We all know that humans are the most intellectual species in the world, but have you ever wondered how smart other animals are? Many people with pets are familiar with the concept of positive reinforcement and rewarding their best furry friends for a certain action or behaviour. An easy everyday example would be giving your dog a treat for playing dead or trotting over to you when you call its name. Therefore it is evident that animals can extract causal knowledge from the environment and predict future events, such as being given a reward, and use those predictions to decide what to do next (Sloman 2009).
On top of this, humans also have the cognitive capacity to use counterfactual thinking which is essentially the ability to understand that certain actions do not produce certain consequences or rewards and use these absent events in future decision-making. For example, have you ever just walked by a beautiful woman or a sexy man in the mall and moments later, wondered “Dang, I wish I had asked for her number! She could have said yes!” or “I should have asked him for coffee. He probably had time!”? By thinking of alternative decisions to past events, you are thinking counterfactually! Before, it has been thought that only humans possess the intellectual capacity to extract information from this process of reasoning. In Wikipedia and many other sites, the concept is linked as being a “human tendency” (wikipedia.org). However, table-turning evidence from Sydney, Australia make sensory ecologists believe that we may have underestimated these creatures.
In the past, the causal thought process of linking an action with a reward (i.e. positive reinforcement) has been seen in many animals such as monkeys, dogs, birds, and rats. However, Laurent & Balleine at the University of Sydney just recently published convincing evidence that rats possibly possess the ability to think counterfactually and are not as simplistic as we imagined.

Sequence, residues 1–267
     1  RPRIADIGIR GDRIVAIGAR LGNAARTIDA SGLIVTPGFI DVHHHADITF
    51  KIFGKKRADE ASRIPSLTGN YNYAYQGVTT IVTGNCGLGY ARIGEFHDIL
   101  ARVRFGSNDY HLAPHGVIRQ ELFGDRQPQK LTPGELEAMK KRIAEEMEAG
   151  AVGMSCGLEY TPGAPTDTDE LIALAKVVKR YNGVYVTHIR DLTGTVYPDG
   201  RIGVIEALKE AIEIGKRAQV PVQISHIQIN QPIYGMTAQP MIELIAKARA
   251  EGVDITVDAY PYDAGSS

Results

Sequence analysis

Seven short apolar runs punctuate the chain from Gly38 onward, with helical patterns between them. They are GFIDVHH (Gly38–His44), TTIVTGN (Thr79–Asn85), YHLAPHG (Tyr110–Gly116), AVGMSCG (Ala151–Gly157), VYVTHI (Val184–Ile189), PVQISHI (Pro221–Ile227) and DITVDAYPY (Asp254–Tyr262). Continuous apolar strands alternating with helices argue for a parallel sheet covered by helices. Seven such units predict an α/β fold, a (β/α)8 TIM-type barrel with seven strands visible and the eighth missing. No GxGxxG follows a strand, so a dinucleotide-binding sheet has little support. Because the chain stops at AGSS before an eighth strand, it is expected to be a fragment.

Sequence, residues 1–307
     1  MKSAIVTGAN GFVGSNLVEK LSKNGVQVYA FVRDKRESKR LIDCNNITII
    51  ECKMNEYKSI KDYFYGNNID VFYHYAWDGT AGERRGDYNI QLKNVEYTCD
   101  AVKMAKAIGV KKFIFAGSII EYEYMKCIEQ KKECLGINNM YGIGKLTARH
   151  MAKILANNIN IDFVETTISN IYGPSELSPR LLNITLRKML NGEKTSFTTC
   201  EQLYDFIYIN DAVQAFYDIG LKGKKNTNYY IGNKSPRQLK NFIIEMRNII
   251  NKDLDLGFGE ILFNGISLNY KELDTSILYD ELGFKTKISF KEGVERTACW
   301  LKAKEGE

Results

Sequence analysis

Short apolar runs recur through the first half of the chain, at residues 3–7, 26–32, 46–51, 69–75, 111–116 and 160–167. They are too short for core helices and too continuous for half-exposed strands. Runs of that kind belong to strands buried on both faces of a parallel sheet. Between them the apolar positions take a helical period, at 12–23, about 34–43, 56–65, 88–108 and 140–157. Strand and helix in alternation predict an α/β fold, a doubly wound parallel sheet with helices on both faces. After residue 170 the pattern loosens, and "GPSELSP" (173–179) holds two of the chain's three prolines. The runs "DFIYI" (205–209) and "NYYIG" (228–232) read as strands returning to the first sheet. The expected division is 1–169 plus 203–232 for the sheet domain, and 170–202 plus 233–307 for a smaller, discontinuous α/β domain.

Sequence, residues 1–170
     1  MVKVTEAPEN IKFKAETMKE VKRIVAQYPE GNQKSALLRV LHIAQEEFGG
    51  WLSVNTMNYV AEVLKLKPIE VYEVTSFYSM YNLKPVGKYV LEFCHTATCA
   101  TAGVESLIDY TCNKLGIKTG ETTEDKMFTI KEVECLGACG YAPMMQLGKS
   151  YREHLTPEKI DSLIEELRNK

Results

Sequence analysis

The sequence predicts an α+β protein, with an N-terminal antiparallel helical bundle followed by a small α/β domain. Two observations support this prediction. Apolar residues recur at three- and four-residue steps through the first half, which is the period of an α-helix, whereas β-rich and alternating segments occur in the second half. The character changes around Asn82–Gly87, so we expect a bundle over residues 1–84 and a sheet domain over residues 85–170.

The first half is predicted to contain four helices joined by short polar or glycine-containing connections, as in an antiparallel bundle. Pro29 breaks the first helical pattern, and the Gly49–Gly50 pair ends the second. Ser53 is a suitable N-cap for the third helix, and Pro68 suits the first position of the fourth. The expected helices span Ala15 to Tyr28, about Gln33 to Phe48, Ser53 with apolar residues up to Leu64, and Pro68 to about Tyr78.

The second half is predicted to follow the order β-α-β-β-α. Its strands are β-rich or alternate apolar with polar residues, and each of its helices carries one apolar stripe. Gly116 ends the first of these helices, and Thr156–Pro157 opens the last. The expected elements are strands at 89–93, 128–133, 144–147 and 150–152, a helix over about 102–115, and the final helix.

So how smart are these animals? In the study, the rats were first taught to make positive predictions where they associated a certain lever with a reward and another lever with just regular pellets. Afterwards, they were conditioned to establish negative predictions (i.e. no reward) for pressing a certain lever. The key here was that if they could used the information of a negative stimulus (one lever) and direct their decision-making towards choosing the other lever, then it is most likely that the rat is thinking “Well I chose this lever last time and I didn’t get my sugar. Because that lever didn’t work, I will choose the other lever.”. Being able to extract information from non-successful predictions is strong evidence of counterfactual reasoning! In fact, rather than shying away from the negative lever, rats were able to flexibly and actively use the information from counterfactual relationships in altering their decision-making in trials in finding the reward.
Overall, being able to reflect on both the consequences of their actions as well as (most importantly) consequences that their actions do not cause possesses strong evidence that rats (or animals) possess the ability to make decisions based on counterfactual reasoning which was once believed to be only associated with humans. In addition, rather than avoiding decisions altogether and actively selecting the lever proves that they can actively engage and manipulate counterfactual information provided to them.
So how smart are animals really? Are we the only ones that can reason or think a certain way? With this study proving that they have potentially higher cognitive abilities than we anticipated, are we really different from them as we imagined? So next time you train your dog or mouse, just take a moment to wonder about what may be going in their furry heads and what information they are obtaining through other means outside your training.
Laurent V., Balleine B.W. (2015). Factual and Counterfactual Action-Outcome Mappings Control Choice between Goal-Directed Actions in Rats. Current Biology (25), 1-6..
Counterfactual Thinking. Wikipedia.org. http://en.wikipedia.org/wiki/Counterfactual_thinking. Accessed April 15 2015.